5 June 2012
Almost six years ago the Equal Treatment Act (AGG) came into force. Recently, the German Federal Court (BGH) ruled unexpectedly when it first had to decide if the AGG applies to managing directors of Limited Liability Companies (GmbH). In its decision dated 23 April 2012 (II ZR 163/10), the BGH applied the AGG to the decision about a prolongation of the term of office of a GmbH’s managing director who had been employed for a fixed period of time: The 62-year old plaintiff had been a managing director of the municipal hospital of Cologne. His service contract had a fixed term of five years after which it had terminated. Thereafter, the position was awarded to a 42-year old competitor. The chairman of the shareholders’ meeting publicly commented on this, declaring that the plaintiff’s service contract could not be prolonged because of his (old) age. The BGH held that this was a forbidden discrimination because of age.
The AGG prohibits any direct or indirect discrimination because of
- Ethnic origin
- Religion or world view
- or sexual identity
(so-called Prohibition of Discrimination). In a lawsuit the concerned (plaintiff) must only provide indications for his/her discrimination. The defendant will then have to provide evidence for not having offended the Prohibition of Discrimination (i.e. reversal of the burden of proof). For example the defendant may state that no discrimination had occurred or that the discrimination at hand was justified. Invalidating an indicated prohibited discrimination is typically demanding for the defendant. In case the AGG is violated, the affected party is not entitled to claim for an employment contract. Instead it may claim for damages, including non-pecuniary losses.
The AGG is aimed primarily at the protection of employees. However, the scope of the AGG also covers members of corporate bodies. Managing directors (GmbH-Geschäftsführer) and members of the Management Board (Vorstandsmitglieder) are explicitly mentioned. Members of the Board of Directors (Aufsichtsratsmitglieder) are protected if their membership constitutes an occupation. This will be the case if the membership is held in order to provide ongoing means of subsistence.
Materially the AGG protects members of corporate bodies regarding their job access as well as their occupational advancement. Hence it does not apply to the termination of service contracts. For reason of this distinction the prevailing view so far has been that the AGG neither applies to decisions about the termination of temporary employment contracts nor to the non-prolongation for reason of the age of the employee. In its ruling the BGH has now clarified that the non- prolongation of a fixed-term service contract of the managing director of a GmbH is not a decision about the termination but a decision about the (repeated) access to the job rather. Therefore the AGG would apply. This will have to be taken into consideration in connection with temporary service agreements with members of the Management Board (Vorstand). However, this reasoning cannot be applied to the termination of employment contracts without further ado.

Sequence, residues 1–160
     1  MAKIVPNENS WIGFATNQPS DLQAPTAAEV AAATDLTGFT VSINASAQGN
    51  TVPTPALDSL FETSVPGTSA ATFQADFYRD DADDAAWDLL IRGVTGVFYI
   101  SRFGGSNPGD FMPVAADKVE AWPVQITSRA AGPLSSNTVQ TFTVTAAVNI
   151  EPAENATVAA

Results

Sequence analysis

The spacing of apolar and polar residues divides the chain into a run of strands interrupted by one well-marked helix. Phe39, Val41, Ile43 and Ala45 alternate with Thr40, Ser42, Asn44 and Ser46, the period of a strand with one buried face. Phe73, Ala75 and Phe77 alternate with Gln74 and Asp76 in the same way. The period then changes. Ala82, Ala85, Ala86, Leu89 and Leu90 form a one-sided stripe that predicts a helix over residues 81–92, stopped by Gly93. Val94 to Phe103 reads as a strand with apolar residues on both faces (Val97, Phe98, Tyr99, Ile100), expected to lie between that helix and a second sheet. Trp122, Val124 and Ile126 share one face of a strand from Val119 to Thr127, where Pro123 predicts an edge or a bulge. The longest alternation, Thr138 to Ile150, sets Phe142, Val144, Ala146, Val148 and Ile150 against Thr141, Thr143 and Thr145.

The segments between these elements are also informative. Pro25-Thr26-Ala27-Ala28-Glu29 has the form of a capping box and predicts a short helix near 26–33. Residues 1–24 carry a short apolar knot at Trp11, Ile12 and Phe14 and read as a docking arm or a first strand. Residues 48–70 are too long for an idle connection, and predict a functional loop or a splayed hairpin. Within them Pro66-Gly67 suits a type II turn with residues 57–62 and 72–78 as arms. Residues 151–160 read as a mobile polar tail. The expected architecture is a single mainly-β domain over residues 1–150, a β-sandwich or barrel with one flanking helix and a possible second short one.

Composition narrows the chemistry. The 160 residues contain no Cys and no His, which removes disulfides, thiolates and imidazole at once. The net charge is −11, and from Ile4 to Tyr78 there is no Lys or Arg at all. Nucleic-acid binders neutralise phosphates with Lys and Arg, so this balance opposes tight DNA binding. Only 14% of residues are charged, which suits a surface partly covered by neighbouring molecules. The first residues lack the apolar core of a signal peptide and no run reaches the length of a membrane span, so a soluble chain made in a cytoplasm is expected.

The full text of the BGH’s ruling has not yet been published. Apparently the BGH did not comment on whether the Prohibition of Discrimination of the AGG likewise applies to the formal act of appointing members of corporate organs. In principle, the appointment of a corporate body’s members and the corresponding service contracts are legally independent from one another. Since the AGG applies to occupations, many argue that it only applies to the service contract which determines the income. However, this will be practically relevant only in rare circumstances, i.e. if a service contract is entered into unconditionally and before the person concerned is actually appointed member of the corporate organ in question.
It remains to be seen how courts will view age limits in articles of association/incorporation or service agreements. Obviously, such regulations are recommended for members of the Board of Directors (Aufsichtsratsmitglieder) and the Management Board (Vorstandsmitglieder) by the German Corporate Governance Codex (DCGK). If minimum or maximum limits for the occupational age are regulated, the AGG will apply. However, it can be expected that they will be better justified than with employees.